The deposits have not been subjected to radiocarbon dating, but based on the surrounding artifacts and the bones' fragility, Carr believes that some remains are 2,500 years old.

Many of the other holes contained shards of pottery, broken sea shells, animal bones, evidence of food preparation and other cultural material, he said.

This is a very significant site, one of the few where human remains are extensively preserved, Carr said. Scientifically, it's important. As a sacred site, it is particularly important.

Date: Thu, 5 Jul 2001 10:45:19 -0700
From: <daleyl@PEAK.ORG>
Subject: Re: Regarding Our The Tekesta Taino Ancestral Bones in Florida

Tau Cacique Guanikeyu:

It seems from my some what confused point of view that DNA analyses are required here.

1. My training as a scientist suggest that this should be done.

2. Politically this might well be advantageous since the sequencing of DNA may well yield links to present Puerto Rican, Dominican and Cuban populations in Florida that may well be stronger than those of the Seminoles. This could generate strong support from certain members of congress.

3. Historically it is known that first generation Taino-Spanish were in Florida with Ponce de Leon way before the Seminoles arrived.

Thus the question is should there be any objections to DNA analysis from a Taino point of view? One could postulate that DNA analysis might be looked at as merely an extension of the customary preservation of ancestral bones in Taino culture.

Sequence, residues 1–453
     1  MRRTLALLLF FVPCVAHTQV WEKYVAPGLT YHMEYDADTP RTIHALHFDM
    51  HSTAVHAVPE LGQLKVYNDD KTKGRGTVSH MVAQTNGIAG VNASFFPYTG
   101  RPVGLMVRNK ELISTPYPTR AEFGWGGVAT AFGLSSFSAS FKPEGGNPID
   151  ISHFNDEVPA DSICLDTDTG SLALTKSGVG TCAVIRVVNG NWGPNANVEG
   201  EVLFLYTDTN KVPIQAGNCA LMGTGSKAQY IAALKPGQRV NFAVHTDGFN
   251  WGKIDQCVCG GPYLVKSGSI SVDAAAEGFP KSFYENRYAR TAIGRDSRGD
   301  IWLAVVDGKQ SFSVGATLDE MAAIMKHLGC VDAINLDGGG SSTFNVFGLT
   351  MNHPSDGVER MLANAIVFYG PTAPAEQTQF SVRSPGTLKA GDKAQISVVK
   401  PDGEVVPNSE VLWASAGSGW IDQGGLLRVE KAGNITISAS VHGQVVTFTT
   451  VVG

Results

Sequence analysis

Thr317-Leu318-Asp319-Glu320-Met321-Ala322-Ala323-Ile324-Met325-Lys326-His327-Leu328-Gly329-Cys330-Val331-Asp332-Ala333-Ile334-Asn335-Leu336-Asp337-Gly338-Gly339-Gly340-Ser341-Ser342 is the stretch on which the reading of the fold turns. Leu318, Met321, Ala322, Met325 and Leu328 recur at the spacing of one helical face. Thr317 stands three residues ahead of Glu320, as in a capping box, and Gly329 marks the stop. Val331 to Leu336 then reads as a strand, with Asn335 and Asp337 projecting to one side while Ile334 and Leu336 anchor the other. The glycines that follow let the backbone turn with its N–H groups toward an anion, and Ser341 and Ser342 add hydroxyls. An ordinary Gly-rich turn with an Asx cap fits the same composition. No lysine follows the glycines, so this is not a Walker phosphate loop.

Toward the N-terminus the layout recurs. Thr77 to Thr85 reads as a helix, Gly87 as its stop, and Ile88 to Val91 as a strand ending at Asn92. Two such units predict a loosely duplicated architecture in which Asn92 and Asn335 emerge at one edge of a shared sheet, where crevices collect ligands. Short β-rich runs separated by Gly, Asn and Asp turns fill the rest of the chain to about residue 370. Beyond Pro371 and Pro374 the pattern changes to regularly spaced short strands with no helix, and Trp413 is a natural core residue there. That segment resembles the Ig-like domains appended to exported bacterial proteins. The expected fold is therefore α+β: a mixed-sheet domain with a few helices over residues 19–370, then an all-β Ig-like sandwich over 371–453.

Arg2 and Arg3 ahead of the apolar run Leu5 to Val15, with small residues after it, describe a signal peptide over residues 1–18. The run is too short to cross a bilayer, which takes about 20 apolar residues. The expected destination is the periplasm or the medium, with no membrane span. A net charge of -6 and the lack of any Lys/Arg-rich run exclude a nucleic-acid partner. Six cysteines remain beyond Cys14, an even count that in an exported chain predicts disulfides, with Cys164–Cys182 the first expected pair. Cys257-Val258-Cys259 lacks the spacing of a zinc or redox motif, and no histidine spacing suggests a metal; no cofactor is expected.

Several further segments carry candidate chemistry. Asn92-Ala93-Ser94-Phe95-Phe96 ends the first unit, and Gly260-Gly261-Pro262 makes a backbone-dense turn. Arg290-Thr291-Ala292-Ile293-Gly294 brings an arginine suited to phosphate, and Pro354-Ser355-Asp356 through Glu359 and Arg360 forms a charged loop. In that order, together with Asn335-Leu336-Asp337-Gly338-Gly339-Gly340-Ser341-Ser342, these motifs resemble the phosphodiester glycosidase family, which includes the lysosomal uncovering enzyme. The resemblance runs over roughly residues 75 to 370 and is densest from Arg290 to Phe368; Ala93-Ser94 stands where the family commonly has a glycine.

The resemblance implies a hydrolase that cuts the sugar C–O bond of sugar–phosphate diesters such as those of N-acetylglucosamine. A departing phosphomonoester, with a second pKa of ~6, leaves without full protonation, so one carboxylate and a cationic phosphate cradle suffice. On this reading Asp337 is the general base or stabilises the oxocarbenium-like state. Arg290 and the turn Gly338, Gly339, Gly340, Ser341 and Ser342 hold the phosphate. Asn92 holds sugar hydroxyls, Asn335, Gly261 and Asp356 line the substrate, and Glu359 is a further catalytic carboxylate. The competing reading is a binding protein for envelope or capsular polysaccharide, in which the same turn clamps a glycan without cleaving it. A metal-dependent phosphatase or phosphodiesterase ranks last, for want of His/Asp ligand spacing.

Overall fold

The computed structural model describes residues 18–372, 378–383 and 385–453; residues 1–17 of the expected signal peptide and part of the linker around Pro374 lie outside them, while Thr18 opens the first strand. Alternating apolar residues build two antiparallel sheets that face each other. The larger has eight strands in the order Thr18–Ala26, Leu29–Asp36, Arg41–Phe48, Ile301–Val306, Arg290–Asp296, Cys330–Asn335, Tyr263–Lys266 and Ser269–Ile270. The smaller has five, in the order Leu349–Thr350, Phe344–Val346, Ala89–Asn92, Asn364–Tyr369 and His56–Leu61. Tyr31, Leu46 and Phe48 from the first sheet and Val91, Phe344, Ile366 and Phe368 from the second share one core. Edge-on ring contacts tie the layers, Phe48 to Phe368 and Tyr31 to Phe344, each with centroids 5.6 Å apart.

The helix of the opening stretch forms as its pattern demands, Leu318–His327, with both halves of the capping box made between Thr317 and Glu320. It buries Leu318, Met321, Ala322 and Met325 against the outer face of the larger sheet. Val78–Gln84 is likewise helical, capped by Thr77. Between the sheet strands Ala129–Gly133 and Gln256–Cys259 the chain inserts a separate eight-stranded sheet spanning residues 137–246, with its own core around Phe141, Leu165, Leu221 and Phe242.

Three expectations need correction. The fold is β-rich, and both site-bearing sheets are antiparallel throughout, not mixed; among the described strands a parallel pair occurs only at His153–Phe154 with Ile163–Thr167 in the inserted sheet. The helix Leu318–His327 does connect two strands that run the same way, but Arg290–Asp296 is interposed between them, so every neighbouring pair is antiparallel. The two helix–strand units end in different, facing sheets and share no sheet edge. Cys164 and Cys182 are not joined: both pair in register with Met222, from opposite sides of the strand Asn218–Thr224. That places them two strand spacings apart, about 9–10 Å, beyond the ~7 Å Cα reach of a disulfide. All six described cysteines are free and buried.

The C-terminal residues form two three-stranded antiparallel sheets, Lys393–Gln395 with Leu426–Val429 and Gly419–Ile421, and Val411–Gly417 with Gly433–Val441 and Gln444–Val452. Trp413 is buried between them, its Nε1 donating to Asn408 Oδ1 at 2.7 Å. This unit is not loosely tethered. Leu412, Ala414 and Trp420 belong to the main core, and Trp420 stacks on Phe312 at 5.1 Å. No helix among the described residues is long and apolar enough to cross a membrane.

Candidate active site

Date: Thu, 5 Jul 2001 11:48:56 -0400
From: Principal Chief Pedro Guanikeyu Torres <jttn@TAINO-TRIBE.ORG>
Subject: Re: Regarding Our The Tekesta Taino Ancestral Bones in Florida

Tau Arocoel Guamoel,

Hello Grandfather Guamoel,

Elder Guamoel, I agree with you 100%. The original people of Florida are of Caribbean and South American origin and the Miami Circle and the bones of our ancestors belongs to the Tekesta Taino people of Bimini (Florida).

I am bothered to read about the statements made via Ms. Patricia Wickman of the Seminole tribe of Florida, who seem to be publicly stating and laying claim to original indigenous people and the whole state of Florida. They directly are saying that the Tequesta or Tekesta Taino Indian people of Florida are their ancestors. Strangely historical documents show that they had only arrived in our Taino Florida homelands from Georgia and the other northern states back in the late 1700s. Historically, we have been in Florida for well over 2 or 3 thousand years as the 15 original tribes of Florida spoke a dialect of South American Arawakan languages.

The Taino people are Pre-Seminole or in other words we have an older existence in Florida before the coming of the Seminoles or any other tribal nation.

It was the Jatibonicu Taino people and the Tekesta Taino Tribal Band of Bimini who had lead the fight to protect, preserve and save the Miami Circle at a cost of 26.7 Million dollars.

Sadly we had requested the help of the Seminoles to save the Miami Circle and the Seminoles sat back and did nothing. Now we have another unearthed Taino sacred site and a new fight on our hands to protect and save the bones of our past Taino ancestors in our Bimini (Florida) homeland.

Patricia Wickman, historic preservation officer for the Seminole Tribe of Florida, said she hoped the site would be respected.

There is not an inch of space on this state that the ancestors of the Seminoles have not walked on, hunted on or died on, she said.

From: Taino-L Taino interest forum
[mailto:TAINO-L@MAELSTROM.STJOHNS.EDU]On Behalf Of Francisco Gonzalez
Sent: Friday, July 06, 2001 7:17 AM
Subject: Tekesta-Seminole relationship